The greater Horn of Africa – defined in this report as Djibouti, Eritrea, Ethiopia, Kenya, Somalia, South Sudan, Sudan and Uganda – represents nearly a quarter of sub-Saharan Africa’s GDP, and is home to some of the fastest growing economies, but also many areas that face ongoing conflict and instability.
OFGEN Africa, a Nairobi based solar power developer and EPC has commissioned a 338.57 kWp & 0.75MWh off grid solar PV plant to power the UAP Equatorial Tower, the tallest building in Juba.
Thanks to a new private sector collaboration linking Scandinavia to Sub-Saharan Africa, a Norwegian company will be helping the International Organization for Migration harness solar energy to power a significant part of its ongoing joint humanitarian operations in Malakal, South Sudan, by early next year.
This USAID funded project, developed by AECOM International, incorporated a one-of-a-kind containerised PV storage solution by South African-based Sustainable Power Generation (SustainPower).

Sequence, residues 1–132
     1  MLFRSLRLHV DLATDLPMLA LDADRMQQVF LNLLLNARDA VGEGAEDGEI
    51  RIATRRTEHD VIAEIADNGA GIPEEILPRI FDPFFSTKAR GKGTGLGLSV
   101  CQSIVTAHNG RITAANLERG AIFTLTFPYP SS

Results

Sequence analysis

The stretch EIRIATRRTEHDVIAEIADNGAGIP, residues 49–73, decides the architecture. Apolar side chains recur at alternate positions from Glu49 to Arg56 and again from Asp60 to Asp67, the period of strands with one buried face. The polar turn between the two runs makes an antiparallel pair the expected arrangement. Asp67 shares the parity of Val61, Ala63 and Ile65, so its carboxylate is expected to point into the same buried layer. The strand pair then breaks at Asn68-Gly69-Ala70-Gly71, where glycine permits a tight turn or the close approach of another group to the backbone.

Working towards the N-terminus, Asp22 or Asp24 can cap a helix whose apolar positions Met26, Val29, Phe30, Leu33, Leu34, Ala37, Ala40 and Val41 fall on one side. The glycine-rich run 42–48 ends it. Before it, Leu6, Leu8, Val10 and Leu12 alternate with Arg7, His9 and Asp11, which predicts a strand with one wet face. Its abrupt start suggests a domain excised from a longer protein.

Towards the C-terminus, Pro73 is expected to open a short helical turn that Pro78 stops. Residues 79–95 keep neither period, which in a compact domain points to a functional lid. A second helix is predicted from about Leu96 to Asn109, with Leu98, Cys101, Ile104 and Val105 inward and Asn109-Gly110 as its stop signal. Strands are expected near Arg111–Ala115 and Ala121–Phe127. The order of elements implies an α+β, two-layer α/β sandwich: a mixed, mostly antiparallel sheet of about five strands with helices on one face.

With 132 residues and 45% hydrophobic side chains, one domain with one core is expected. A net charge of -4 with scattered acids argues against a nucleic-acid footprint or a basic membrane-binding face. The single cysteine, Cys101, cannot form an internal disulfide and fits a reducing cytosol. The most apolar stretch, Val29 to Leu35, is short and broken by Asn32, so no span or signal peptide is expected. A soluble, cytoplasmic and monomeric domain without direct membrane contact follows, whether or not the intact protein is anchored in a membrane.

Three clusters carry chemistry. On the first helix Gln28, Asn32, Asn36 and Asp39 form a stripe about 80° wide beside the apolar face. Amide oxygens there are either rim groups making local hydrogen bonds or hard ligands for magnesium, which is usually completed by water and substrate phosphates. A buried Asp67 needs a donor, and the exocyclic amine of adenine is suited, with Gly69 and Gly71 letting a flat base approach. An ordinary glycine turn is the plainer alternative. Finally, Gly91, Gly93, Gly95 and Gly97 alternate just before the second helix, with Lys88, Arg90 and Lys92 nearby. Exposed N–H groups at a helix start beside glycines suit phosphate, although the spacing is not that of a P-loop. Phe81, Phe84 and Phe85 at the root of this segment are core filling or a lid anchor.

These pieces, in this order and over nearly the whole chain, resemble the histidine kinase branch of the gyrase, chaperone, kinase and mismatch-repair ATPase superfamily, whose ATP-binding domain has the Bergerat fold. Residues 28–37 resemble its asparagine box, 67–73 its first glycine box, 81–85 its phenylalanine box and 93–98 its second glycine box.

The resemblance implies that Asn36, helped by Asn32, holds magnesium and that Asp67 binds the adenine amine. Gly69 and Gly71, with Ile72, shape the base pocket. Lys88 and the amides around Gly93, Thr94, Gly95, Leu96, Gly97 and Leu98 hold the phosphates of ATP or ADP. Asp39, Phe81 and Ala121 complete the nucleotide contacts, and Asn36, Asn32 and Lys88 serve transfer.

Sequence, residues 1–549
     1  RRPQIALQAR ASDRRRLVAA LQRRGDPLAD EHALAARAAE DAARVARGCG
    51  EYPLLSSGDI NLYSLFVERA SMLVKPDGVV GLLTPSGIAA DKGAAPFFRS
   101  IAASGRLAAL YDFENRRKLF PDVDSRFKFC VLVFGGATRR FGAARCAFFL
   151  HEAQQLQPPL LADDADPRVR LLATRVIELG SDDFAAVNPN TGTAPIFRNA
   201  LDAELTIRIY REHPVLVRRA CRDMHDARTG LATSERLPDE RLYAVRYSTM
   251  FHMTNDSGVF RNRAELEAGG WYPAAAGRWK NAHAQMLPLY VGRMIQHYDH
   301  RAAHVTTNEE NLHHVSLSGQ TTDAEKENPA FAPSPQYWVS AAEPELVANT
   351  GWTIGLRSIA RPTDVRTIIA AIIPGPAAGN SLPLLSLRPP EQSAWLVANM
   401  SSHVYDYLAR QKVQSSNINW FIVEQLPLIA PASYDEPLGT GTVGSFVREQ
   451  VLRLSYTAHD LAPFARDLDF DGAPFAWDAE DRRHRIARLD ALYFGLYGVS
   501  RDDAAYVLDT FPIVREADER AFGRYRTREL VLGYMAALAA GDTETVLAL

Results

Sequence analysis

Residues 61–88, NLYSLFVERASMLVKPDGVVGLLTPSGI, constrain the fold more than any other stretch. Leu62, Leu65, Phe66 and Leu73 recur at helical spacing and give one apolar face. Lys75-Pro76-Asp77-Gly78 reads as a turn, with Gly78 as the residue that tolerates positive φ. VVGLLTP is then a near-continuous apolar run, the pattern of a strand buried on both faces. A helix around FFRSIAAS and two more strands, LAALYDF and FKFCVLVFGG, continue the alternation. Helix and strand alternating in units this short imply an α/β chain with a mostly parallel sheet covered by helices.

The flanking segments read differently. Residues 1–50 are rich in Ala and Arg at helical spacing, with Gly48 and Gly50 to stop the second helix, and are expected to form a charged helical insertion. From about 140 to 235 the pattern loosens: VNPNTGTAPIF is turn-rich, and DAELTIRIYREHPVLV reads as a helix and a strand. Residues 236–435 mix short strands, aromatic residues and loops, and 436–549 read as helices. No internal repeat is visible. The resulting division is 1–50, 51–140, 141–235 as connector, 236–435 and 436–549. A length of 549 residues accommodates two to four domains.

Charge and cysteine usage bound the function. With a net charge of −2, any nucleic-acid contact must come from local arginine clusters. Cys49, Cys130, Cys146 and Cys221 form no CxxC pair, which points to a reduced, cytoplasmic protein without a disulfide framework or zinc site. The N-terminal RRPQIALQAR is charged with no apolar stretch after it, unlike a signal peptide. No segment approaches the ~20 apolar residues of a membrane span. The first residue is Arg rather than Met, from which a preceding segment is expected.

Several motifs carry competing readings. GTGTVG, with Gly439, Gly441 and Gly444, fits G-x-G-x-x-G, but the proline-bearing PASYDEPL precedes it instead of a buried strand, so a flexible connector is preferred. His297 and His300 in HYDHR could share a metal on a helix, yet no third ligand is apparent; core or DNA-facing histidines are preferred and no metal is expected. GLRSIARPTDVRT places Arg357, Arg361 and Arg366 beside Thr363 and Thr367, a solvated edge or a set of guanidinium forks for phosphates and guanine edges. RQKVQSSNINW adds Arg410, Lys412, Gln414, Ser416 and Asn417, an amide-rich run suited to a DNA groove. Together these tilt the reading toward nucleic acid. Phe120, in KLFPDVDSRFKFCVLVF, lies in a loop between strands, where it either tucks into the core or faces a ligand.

At least 5,000 residents in and around the South Sudanese capital now have access to clean drinking water after the opening of a U.S.-funded, solar-powered water distribution system in the area.
How solar-powered water systems are helping children in remote communities like Yambio access clean water in health centres, schools and homes.
The United States Institute of Peace (USIP) has proposed a green pivot for South Sudan, where solar energy could help decouple economic growth from the geopolitics of oil and gas. In a special report, it has identified three opportunities where solar could yield benefits. A donor-led transition is required.
SOLAR23, one of the leading German providers for off-grid and on-grid solar power solutions recently completed in February 2016 a project in South Sudan comprising the turn-key delivery of photovoltaic backup systems and rainwater tanks and the training of local service staff and the customers regional technical team which contributes significantly to the improvement of health care in South Sudan.
The Cambridge University spin-off has partnered with WorldVenture, an international charitable organisation, to deploy the systems in rural villages in the region of Nimule in South Sudan. Eight19 hopes to deploy 1,000 units in the first half of 2012 to the region. South Sudan is the fourth African country in which Eight19 has deployed IndiGo since its launch into Kenya last September.